California's new governor, Gavin Newsom, gave notice in his inauguration speech yesterday that a bright new day was dawning for the state under his "progressive, principled leadership."

Even for a liberal, Newsom's laundry list of promises leaves one gasping for air.

KCAL:

"People's lives, freedom, security, the water we drink, the air we breathe – they all hang in the balance," Newsom, 51, told a crowd of hundreds packed into a tent outside the state Capitol.

He says children should not be "ripped away from their parents" at the border, and they also shouldn't be left hungry while Trump pledges to spend billions of dollars on "a wall that should never be built."

While he avoided referencing Trump by name, Newsom referred to the administration as corrupt and incompetent and promised California will "write America's future."

Even as he needled Trump, Newsom offered an overture to voters in rural California, millions of whom voted for Trump and John Cox, Newsom's Republican rival in November.

"I recognize that many in our rural communities believe that Sacramento doesn't care about them – doesn't even really see them," he said.  "I see you.  I care about you.  And I will represent you with pride."

The new governor also promised "sanctuary for all who seek it."  One audience member with press credentials begged to differ:

Newsom (D), accompanied on stage at the State Capitol in Sacramento by his wife and children, was about to be sworn in as California's 40th governor when a man in the crowd began yelling, "I object!"

The crowd began booing the man as he voiced his opposition to California's sanctuary state law and the lawmakers who support it.

"Corporal Ronil Singh's blood is on your hands!  Shame on you!  Shame on you!" the protester yelled as he was being walked out, referring to the California police officer who was gunned down last month, allegedly by an illegal immigrant who had prior arrests.

Newsom never mentioned Donald Trump by name but clearly had him in mind during his entire speech.

San Francisco Chronicle:

"It is up to us to renew the California dream for a new generation.  And now more than ever, it is up to us to defend it," Newsom said.  "But there is an administration in Washington clearly hostile to California's values and California's interests."

The former San Francisco mayor painted a picture of California as a virtual "nation-state," one that will push beyond the strictures proposed by the GOP leaders in Washington toward a more progressive future.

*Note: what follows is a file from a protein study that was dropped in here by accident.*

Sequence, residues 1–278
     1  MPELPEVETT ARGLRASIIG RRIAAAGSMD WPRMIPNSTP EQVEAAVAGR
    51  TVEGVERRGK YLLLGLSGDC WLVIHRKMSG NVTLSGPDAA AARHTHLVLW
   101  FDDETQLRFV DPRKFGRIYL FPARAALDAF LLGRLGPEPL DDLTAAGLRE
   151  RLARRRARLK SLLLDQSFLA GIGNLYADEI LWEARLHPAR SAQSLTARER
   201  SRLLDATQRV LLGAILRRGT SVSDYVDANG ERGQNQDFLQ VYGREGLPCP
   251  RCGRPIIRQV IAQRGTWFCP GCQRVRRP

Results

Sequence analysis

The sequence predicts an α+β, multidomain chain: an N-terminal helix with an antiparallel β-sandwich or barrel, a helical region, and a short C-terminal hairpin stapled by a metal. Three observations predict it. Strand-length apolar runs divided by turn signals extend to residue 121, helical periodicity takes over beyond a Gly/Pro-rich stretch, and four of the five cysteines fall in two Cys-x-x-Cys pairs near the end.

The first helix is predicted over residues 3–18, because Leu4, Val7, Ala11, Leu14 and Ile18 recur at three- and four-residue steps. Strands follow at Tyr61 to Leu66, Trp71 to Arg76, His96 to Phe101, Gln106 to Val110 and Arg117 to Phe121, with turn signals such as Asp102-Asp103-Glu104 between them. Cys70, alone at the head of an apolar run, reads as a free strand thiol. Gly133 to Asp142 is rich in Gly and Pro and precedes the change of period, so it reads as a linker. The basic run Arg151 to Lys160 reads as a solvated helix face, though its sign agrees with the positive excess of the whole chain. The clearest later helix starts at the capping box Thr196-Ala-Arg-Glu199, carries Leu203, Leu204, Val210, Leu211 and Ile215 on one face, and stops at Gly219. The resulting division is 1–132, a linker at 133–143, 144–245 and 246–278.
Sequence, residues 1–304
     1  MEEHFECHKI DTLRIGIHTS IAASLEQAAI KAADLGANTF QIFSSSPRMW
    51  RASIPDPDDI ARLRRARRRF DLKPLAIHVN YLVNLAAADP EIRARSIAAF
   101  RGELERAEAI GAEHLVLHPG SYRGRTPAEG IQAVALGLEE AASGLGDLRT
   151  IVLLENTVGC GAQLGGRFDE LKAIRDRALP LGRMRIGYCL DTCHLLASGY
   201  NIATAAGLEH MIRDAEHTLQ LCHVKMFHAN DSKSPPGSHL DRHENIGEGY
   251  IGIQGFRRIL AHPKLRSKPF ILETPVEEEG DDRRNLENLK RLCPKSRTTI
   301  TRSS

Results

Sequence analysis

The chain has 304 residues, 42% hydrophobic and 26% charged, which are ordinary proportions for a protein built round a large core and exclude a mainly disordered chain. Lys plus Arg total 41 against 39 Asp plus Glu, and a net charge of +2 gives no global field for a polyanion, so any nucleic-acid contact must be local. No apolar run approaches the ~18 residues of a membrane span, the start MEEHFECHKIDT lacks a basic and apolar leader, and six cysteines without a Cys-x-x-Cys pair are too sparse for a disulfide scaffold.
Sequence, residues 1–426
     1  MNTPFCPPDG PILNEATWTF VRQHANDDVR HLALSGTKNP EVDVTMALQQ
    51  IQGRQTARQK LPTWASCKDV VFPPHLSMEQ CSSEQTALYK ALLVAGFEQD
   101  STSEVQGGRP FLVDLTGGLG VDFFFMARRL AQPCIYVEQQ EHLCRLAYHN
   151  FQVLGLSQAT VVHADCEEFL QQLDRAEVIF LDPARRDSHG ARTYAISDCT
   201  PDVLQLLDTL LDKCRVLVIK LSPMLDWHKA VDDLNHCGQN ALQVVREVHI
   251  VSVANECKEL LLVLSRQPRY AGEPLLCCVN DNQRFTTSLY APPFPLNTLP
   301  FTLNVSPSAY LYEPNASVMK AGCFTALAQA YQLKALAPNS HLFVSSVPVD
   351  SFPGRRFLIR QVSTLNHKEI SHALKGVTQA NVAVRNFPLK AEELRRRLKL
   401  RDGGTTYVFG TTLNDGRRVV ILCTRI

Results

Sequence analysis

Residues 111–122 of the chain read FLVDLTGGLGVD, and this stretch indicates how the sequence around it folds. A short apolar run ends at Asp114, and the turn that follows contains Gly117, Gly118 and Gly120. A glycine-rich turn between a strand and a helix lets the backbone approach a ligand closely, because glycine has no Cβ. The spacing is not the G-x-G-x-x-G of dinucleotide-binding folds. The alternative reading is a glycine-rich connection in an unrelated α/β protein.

Those "strictures" are constitutional in nature, but why let the law of the land stop you?

Newsom talked about the need for a range of programs to shore up California's safety net and deal with problems "that have been deferred too long" amid the state's growing prosperity, such as homelessness and chronic hunger.

"These aren't merely policy problems," he said.  "They are moral imperatives.  So long as they persist, each and every one of us is diminished."

Like all inaugural speeches, Newsom's talk was long on vision and short on specifics.  He called for a "Marshall Plan" for affordable housing and fair pay for workers and said the state will "never waver in our pursuit of guaranteed health care for all Californians," but he was silent on exactly how the state will pay for those new initiatives.

A state that's building a high-speed rail system whose price tag has tripled since it was proposed shouldn't be asked about where the money is coming from.

With a supermajority of Democrats in the state legislature and the Republican opposition more concerned about trying to explain why voters don't like them than actually fighting for sanity, Newsom will be able to pass just about any weird, wild, cockamamie scheme he wants.  The voters have become so used to "free" stuff that they won't care, either.

Eventually, people and businesses will vote with their feet and head off to live in some other liberal paradise where, after a couple of years, they will trash that state, too.  But it's all for our own good.  Just ask them.